Imagine the worst hangover you've have ever had. Well, that's the best way I can describe the feeling waking up every day when you have kidney failure. But without the fun part of getting drunk first – and sadly, nor does a fry-up make it any better.
The feeling comes from the build-up of toxins in my blood, similar to too much alcohol. The millions of tiny nephrons in my kidney that filter out the bad stuff have been destroyed by an auto-immune disease. So my blood has become a ghastly stew of waste products, which cause nausea and headaches and general all-round wretchedness.
A simple measurement of how well kidneys are working is the level of creatinine in the blood. Creatinine is a waste product produced by muscles and got rid of through the kidneys. A "normal" level depends on how much muscle you have, so a child's will be around 60 while a bodybuilder's will be as high as 130. Mine is currently around 700 and getting higher. The only thing that is going to bring it down permanently is another transplant.
Last week, I saw my brilliant consultant, Professor John Cunningham, at the Royal Free in Hampstead, London. He and his team are helping to put my mind at rest about my wife Rachel being a potential kidney donor for me. As I have already described, I have serious reservations about her going through this.
When my brother donated one of his kidneys to me eight years ago, he was left with a 10-inch scar on the right side of his torso that wouldn't look out of place in a gallery of shark attack pictures. I couldn't bear to put Rachel through the same amount of pain.
The Prof told me that kidney removals are now much less invasive. The surgery is done laparoscopically, with small cameras inserted into the donor, and then the kidney removed through an incision in the lower abdomen. My brother was laid up for three months after the operation, whereas Rachel could be out of hospital in three days and
back at work in six weeks. Rachel met with Alison, the sister from the live donor team, who talked her through the process ahead.
It starts with a blood test. This will check whether our respective blood groups are compatible and, most importantly, whether or not I have antibodies that will react against her kidney and cause my body to reject the transplant.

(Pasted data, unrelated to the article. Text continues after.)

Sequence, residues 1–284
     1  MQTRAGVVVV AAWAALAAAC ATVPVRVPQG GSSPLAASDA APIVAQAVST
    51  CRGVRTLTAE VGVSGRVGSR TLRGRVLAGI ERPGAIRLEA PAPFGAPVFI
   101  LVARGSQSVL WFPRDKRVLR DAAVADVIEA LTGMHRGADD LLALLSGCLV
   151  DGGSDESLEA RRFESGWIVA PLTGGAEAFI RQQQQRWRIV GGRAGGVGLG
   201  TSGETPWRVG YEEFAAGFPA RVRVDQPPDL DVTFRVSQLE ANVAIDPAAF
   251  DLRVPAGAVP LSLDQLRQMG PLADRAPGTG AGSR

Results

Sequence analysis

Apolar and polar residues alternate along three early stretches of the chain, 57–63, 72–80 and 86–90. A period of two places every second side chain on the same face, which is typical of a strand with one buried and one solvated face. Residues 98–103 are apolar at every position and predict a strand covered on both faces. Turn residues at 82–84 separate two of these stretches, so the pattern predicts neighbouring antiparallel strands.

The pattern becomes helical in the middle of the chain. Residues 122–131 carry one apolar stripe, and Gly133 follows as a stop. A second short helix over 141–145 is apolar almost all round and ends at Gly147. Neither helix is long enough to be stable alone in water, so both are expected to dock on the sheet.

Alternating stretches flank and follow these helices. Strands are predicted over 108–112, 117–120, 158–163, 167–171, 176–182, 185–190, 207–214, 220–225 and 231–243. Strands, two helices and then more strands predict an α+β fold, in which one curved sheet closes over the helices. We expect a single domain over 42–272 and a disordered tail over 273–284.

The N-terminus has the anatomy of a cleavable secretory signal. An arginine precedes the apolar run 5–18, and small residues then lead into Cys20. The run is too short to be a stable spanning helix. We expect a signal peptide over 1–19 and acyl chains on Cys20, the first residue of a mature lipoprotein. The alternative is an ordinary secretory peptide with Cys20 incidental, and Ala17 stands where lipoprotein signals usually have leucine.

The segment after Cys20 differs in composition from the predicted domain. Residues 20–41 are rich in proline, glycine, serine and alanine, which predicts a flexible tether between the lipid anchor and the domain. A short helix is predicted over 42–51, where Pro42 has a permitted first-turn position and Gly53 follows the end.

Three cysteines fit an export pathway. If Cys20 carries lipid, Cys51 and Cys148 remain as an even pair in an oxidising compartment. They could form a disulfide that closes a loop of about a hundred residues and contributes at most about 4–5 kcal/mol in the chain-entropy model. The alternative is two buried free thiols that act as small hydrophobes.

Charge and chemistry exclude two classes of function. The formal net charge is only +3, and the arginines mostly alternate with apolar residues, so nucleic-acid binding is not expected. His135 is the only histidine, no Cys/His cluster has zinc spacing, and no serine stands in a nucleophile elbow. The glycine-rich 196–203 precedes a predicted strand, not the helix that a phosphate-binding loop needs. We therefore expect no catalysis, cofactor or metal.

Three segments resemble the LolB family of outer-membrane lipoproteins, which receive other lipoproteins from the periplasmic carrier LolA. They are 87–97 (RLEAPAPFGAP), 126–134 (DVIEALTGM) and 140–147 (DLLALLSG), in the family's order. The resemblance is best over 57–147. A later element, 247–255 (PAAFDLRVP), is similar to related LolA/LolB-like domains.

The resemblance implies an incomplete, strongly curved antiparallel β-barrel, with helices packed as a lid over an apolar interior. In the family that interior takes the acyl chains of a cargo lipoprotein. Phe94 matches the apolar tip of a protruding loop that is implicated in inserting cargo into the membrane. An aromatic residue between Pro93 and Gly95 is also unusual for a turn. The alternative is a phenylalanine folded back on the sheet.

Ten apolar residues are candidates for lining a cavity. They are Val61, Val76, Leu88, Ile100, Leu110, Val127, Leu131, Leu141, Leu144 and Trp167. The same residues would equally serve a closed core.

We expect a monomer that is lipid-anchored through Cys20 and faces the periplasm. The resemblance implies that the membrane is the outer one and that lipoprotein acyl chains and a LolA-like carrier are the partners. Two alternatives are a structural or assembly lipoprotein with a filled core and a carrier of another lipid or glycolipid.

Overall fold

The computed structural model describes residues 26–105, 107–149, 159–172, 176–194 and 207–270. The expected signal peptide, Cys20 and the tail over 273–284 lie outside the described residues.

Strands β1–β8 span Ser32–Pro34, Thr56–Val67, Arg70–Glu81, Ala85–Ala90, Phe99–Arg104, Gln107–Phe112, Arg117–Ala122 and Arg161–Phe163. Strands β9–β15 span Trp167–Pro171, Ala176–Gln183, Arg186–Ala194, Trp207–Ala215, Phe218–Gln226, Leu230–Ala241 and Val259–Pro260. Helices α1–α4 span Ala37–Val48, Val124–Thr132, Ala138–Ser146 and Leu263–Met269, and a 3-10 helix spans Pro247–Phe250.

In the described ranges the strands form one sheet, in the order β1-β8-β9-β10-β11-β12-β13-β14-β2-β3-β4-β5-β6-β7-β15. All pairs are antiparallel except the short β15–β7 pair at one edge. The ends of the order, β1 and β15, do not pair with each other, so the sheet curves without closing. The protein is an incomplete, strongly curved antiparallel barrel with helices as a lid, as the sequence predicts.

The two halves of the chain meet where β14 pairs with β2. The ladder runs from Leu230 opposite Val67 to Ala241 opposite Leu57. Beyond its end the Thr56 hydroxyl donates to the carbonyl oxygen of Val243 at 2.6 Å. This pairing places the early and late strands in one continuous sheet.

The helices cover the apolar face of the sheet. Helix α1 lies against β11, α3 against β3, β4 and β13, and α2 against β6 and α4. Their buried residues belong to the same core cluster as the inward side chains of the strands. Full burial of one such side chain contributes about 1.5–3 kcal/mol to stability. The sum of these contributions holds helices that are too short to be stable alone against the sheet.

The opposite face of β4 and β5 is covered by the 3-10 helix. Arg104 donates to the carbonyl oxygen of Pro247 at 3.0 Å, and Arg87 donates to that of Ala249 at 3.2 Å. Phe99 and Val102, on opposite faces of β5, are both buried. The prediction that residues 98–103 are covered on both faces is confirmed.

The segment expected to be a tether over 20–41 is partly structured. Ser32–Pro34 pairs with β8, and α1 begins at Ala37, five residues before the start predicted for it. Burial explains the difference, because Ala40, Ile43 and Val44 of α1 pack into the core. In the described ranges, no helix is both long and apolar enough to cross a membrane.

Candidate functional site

After this, there will be a whole round of scans, x-rays and tests. The hospital will check the strength of both her kidneys separately to make sure that if she is left with just one, it will cope on its own.
She will also have to see an independent doctor to check she isn't being paid to donate or making the choice under duress. I took my brother away for a holiday to the south of France after he gave me his kidney – Rachel is demanding at least the same, if not better. Does that count as a financial inducement? Maybe she shouldn't mention it, just in case.
Uncomfortable as I still am about Rachel donating, I know I am lucky that I have this option at the moment, as well as the national transplant list. If I only had the list to rely on, I wouldn't fancy my chances. Three people die every day in the UK waiting for transplants.
The grim reality of the transplant list was brought home to me this weekend when I saw a friend whose father also needs a kidney transplant. Earlier that week, he had been called in by the hospital as a cadaveric kidney had become available and if it was a match, they would do the surgery straight away. A transplant would have completely changed his life. In the end, the kidney wasn't good enough to be transplanted and after a few hours of hope, he went home again to life on dialysis, hoping another call will come soon.
If Rachel can't donate, then I will also be waiting for that call, never going too far from the hospital, never knowing when I might get my life back. Or worse, if it will be too late.
• This week is National Transplant Week. You can find out more about the campaign and join the organ donor register here.